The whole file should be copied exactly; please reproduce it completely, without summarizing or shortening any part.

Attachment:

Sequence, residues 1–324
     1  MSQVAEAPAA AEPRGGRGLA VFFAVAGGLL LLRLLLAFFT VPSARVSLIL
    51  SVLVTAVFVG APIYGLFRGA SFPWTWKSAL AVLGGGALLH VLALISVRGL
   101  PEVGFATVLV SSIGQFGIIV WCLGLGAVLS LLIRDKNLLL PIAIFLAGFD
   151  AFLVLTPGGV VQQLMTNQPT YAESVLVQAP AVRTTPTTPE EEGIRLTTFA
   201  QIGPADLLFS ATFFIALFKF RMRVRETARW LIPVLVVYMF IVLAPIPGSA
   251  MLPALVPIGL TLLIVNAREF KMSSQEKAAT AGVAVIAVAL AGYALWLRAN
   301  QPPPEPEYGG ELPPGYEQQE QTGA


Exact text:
Sequence, residues 1–324
     1  MSQVAEAPAA AEPRGGRGLA VFFAVAGGLL LLRLLLAFFT VPSARVSLIL
    51  SVLVTAVFVG APIYGLFRGA SFPWTWKSAL AVLGGGALLH VLALISVRGL
   101  PEVGFATVLV SSIGQFGIIV WCLGLGAVLS LLIRDKNLLL PIAIFLAGFD
   151  AFLVLTPGGV VQQLMTNQPT YAESVLVQAP AVRTTPTTPE EEGIRLTTFA
   201  QIGPADLLFS ATFFIALFKF RMRVRETARW LIPVLVVYMF IVLAPIPGSA
   251  MLPALVPIGL TLLIVNAREF KMSSQEKAAT AGVAVIAVAL AGYALWLRAN
   301  QPPPEPEYGG ELPPGYEQQE QTGA